Upon her return to the United States, Echelman began creating large scale net sculptures that respond and react to their urban environment. Echelman begins her process by doing some hand drawn sketches of ideas for sculptures that could be placed in the desired location. Once she has settled on a basic design, she then enters the project into a 3-D modeling software called Autodesk. This program models the weight of the netting and supports while also modeling how the sculptures will respond to wind and weather. Because of the nature of the locals where these sculptures are placed, she has adapted her original method of using hand tied cotton nets to a wide variety of synthetic materials and machine tied netting. Like a spider weaving a web, Echelman combines different types of rope in different parts of her sculptures in order to best respond to the local atmospheric conditions of her installations.
Using these unusual materials and high tech techniques, Echelman creates a new variety of 4-D sculpture that responds to its changing environment, encouraging the viewer to slow down and enjoy a moment watching the sculptures move in the wind. Often times, especially at night, she will light her sculptures using colored flood lights, creating another slowly changing element to her work. While I was in Washington, DC earlier this year, I had the opportunity to see her piece 1.8 installed at the Renwick Gallery. While this piece did not benefit from the wind because it is indoors, Echelman did create a constantly changing piece by changing the lighting from pink to purple to yellow throughout the day. The gallery was laid out in a way that encouraged people to lie down and look up at the sculpture, thus actively inviting them to participate in the piece. I think this is what is so intriguing about Echelman's work is her way of truly engaging her audience.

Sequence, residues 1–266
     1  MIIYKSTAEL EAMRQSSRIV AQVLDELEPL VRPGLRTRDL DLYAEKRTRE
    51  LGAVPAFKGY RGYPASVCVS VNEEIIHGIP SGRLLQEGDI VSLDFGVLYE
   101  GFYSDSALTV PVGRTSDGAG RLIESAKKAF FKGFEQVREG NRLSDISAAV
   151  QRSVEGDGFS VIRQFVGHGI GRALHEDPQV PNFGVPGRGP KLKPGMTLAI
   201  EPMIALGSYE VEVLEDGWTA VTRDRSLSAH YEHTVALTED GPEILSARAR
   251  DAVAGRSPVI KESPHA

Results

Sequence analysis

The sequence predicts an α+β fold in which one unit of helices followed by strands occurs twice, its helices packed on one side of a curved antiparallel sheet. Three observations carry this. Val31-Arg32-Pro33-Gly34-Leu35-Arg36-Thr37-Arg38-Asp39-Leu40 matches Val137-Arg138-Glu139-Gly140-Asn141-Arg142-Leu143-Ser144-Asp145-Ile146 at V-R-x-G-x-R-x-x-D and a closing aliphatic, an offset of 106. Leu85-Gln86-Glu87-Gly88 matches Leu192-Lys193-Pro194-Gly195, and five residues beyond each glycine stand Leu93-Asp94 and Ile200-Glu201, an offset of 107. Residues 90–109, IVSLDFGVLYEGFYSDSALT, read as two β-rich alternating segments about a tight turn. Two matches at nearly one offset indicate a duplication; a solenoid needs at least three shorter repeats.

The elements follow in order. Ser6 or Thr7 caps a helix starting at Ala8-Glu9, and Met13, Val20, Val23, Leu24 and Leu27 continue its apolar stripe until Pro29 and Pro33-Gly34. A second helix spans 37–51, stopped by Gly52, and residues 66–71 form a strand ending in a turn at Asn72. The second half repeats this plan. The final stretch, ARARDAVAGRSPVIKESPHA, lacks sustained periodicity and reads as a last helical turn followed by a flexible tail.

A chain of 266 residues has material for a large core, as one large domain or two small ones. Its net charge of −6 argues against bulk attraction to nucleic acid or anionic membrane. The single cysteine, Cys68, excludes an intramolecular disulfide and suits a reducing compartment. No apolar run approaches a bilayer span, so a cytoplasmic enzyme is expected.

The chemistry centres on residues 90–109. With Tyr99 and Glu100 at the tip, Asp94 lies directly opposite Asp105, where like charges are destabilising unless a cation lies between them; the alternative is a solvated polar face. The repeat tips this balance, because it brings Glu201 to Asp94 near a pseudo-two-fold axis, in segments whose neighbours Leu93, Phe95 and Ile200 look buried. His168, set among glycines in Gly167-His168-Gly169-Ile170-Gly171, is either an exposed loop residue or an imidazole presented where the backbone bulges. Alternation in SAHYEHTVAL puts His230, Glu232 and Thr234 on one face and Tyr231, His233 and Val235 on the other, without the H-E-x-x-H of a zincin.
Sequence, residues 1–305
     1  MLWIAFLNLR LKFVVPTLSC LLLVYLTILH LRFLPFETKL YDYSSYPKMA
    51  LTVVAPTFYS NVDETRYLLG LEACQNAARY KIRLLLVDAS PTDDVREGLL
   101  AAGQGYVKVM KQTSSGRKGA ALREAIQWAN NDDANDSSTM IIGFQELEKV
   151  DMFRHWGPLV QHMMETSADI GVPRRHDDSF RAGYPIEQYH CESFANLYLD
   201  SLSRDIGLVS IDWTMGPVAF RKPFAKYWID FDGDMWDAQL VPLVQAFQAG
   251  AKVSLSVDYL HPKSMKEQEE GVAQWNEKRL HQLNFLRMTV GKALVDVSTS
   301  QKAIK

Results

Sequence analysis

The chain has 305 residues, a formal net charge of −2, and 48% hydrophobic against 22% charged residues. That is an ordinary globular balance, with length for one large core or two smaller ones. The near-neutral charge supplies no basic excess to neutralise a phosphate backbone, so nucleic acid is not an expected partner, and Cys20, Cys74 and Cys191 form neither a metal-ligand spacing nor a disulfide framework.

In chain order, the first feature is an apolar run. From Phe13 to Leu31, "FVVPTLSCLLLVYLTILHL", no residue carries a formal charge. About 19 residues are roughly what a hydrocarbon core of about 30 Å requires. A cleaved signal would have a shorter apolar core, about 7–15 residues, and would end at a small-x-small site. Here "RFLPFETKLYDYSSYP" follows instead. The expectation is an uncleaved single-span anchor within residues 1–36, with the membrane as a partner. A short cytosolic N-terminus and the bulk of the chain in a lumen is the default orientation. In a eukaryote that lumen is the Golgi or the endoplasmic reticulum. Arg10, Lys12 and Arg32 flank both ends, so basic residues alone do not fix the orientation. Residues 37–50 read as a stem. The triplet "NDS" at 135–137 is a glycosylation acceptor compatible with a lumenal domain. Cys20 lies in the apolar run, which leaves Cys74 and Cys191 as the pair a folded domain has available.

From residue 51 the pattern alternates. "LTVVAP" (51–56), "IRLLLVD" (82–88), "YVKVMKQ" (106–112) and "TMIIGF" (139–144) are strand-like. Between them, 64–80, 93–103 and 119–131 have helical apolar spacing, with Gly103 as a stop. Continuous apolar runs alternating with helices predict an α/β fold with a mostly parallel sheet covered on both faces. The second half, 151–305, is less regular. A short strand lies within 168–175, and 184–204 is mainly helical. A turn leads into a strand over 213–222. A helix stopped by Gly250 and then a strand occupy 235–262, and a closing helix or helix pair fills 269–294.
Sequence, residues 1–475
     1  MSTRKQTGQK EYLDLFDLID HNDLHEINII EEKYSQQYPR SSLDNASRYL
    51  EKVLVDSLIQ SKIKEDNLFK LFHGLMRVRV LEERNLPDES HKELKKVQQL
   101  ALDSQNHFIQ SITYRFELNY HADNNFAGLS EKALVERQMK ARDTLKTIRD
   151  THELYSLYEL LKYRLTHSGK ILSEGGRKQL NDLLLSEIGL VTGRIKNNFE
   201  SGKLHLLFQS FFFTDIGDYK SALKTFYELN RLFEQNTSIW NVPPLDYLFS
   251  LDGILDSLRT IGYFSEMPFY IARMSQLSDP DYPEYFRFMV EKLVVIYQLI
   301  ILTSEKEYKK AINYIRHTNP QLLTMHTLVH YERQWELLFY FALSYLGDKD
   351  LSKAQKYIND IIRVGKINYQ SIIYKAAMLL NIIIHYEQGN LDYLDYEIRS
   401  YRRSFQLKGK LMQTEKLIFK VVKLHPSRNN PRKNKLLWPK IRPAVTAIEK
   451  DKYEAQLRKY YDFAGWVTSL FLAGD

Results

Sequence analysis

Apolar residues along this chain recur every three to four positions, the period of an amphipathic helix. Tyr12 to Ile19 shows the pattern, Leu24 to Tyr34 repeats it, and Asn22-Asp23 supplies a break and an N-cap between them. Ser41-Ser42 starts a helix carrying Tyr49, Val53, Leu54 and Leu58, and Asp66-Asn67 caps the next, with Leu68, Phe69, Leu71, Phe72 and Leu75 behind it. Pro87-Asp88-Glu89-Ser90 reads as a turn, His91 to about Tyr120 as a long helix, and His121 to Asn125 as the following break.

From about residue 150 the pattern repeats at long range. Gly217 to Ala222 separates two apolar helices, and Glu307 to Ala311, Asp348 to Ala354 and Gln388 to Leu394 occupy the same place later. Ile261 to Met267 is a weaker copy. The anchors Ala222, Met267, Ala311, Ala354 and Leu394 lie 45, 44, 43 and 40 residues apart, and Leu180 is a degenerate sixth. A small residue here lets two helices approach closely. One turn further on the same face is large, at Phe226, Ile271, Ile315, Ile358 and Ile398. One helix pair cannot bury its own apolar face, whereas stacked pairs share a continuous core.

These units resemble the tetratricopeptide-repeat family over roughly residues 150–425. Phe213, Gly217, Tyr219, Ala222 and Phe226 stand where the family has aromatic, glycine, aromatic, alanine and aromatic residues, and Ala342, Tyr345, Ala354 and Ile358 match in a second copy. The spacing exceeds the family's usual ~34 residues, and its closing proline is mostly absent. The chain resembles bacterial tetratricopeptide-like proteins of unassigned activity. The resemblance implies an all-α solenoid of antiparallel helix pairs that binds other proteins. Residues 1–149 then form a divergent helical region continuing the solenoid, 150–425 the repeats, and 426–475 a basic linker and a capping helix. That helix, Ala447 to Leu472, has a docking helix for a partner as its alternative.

For more information on the work of Janet Echelman, please visit the following websites.